The Illinois Supreme Court on Wednesday agreed to hear arguments in nine cases, including one from the Fifth District.

The nine cases present the justices with a variety of issues ranging from attorneys’ fees in divorce proceedings to whether juveniles can be incarcerated for unlawful consumption of alcohol.

Out of the nine cases, seven are civil and two are criminal in nature. The justices denied nearly 300 petitions for leave to appeal, including at least 10 from the Fifth District.

The only Fifth District case the court agreed to review deals with involuntary commitment.

This case --In re Lance H. – originated in Randolph County, where an evidentiary hearing was held in May 2011 on the state’s petition seeking Lance H.’s continued involuntary commitment for mental treatment.

At that hearing, Lance H. testified that he wanted to become a voluntary patient at Chester Mental Health Center. The trial court granted the state’s request.

A panel of the Fifth District Appellate Court, however, reversed, saying the trial court failed to comply with a section of the Mental Health Code that requires requests for voluntary admission to be addressed before ruling on involuntary commitments.

The case is In re Lance H., No. 114899.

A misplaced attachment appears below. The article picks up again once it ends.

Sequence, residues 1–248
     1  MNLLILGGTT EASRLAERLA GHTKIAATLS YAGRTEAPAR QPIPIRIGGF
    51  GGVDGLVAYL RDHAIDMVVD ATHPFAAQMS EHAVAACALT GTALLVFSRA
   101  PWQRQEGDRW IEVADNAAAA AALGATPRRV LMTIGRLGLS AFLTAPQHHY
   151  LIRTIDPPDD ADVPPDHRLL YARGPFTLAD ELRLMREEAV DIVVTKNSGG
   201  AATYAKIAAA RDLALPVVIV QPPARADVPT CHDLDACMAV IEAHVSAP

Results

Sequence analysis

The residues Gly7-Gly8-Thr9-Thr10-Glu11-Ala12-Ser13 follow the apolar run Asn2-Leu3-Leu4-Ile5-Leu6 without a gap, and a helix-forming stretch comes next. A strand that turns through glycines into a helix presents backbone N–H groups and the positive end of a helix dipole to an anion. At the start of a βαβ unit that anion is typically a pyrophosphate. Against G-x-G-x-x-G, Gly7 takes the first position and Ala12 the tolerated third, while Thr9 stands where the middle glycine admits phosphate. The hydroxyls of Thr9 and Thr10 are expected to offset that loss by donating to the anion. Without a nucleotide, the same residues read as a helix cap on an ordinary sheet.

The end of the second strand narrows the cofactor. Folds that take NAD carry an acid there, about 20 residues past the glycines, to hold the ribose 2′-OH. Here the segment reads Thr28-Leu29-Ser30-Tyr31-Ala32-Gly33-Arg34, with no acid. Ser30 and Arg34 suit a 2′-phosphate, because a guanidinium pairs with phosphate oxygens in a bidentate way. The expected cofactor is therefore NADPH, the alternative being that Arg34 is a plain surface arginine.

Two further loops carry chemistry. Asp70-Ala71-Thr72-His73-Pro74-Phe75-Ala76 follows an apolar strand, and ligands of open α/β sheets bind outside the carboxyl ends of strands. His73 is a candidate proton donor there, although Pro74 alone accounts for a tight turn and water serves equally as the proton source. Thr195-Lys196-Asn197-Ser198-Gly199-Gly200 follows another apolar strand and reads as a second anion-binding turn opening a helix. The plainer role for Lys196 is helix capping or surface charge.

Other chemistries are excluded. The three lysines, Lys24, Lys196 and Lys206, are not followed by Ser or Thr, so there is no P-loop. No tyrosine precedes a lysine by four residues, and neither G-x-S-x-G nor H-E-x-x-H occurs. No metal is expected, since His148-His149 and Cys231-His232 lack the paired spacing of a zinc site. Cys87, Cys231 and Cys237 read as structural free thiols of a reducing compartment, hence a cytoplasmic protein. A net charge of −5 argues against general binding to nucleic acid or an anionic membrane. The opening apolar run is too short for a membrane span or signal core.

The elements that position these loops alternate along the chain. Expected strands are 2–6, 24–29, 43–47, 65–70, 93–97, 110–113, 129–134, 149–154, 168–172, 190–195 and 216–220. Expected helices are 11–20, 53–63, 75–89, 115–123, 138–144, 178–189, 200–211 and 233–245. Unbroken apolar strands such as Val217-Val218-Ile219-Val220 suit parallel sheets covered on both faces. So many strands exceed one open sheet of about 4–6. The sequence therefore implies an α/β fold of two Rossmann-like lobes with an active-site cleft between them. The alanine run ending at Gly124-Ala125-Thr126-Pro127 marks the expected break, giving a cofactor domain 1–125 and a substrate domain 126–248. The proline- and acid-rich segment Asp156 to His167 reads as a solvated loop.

Barbara Goeben and Veronique Baker of the Guardianship and Advocacy Commission in Alton represented Lance H. at the appellate level.

In addition, the court on Wednesday agreed to hear arguments in the following cases:

  • Jimmy Crittenden et al., v. Cook County Commission on Human Rights, Cons. Nos. 114876 and 114911. These two First District cases appear to deal with the county’s Human Rights Ordinance and whether it permits punitive damages.

  • Sandra Relf v. Natasha Shatayeva, No. 114925, a Second District case that deals whether the circuit court erred in dismissing a personal injury action because the defendant had died before the complaint was filed.

  • In re Shelby R., No. 114994. At issue in this Fourth District case is whether the Juvenile Court Act prohibits minors from being incarcerated for the unlawful consumption of alcohol.

  • Joseph E. Prazen v. Marvin Shoop Jr., etc., et al., No. 115035, a Fourth District case that deals with the “return-to-work” restrictions in the state Pension Code.

  • John L. Earlywine et al., v. Jessica A. Earlywine, a Second District case that deals with an order in a divorce case that required petitioner’s counsel to turn over money to opposing counsel as interim attorney fees.

  • Daniel Hooker, etc. et al., v. Retirement Board of the Firemen's Annuity and Benefit Fund of Chicago, No. 114811. At issue in this First District case is the calculation of benefits to widows under the Pension Code, as well as whether a class should be certified.

  • The Board of Education of Peoria School District No. 150, etc., v. The Peoria Federation of Support Staff, Security/Policemen's Benevolent and Protective Association Unit No. 114 et al., No. 114853. This Fourth District case deals with the constitutionality of Public Act 96-1257, as well as jurisdiction over unfair labor practice claims between the parties.

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